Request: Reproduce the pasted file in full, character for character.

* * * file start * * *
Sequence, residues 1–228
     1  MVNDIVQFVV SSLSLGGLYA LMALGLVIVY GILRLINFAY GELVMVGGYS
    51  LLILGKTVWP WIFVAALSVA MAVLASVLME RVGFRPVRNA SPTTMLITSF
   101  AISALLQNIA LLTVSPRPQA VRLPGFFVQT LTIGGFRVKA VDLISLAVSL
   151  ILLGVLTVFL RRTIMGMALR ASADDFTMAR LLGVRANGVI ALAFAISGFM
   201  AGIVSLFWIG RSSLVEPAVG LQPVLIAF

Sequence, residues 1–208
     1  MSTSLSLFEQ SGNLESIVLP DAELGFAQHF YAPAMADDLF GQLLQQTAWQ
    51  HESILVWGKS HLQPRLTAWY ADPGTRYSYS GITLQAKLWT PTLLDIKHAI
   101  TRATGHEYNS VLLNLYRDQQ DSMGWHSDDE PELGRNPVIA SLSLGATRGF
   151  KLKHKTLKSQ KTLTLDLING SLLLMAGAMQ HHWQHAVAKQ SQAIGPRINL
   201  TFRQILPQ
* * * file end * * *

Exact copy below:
Sequence, residues 1–228
     1  MVNDIVQFVV SSLSLGGLYA LMALGLVIVY GILRLINFAY GELVMVGGYS
    51  LLILGKTVWP WIFVAALSVA MAVLASVLME RVGFRPVRNA SPTTMLITSF
   101  AISALLQNIA LLTVSPRPQA VRLPGFFVQT LTIGGFRVKA VDLISLAVSL
   151  ILLGVLTVFL RRTIMGMALR ASADDFTMAR LLGVRANGVI ALAFAISGFM
   201  AGIVSLFWIG RSSLVEPAVG LQPVLIAF

Sequence, residues 1–208
     1  MSTSLSLFEQ SGNLESIVLP DAELGFAQHF YAPAMADDLF GQLLQQTAWQ
    51  HESILVWGKS HLQPRLTAWY ADPGTRYSYS GITLQAKLWT PTLLDIKHAI
   101  TRATGHEYNS VLLNLYRDQQ DSMGWHSDDE PELGRNPVIA SLSLGATRGF
   151  KLKHKTLKSQ KTLTLDLING SLLLMAGAMQ HHWQHAVAKQ SQAIGPRINL
   201  TFRQILPQ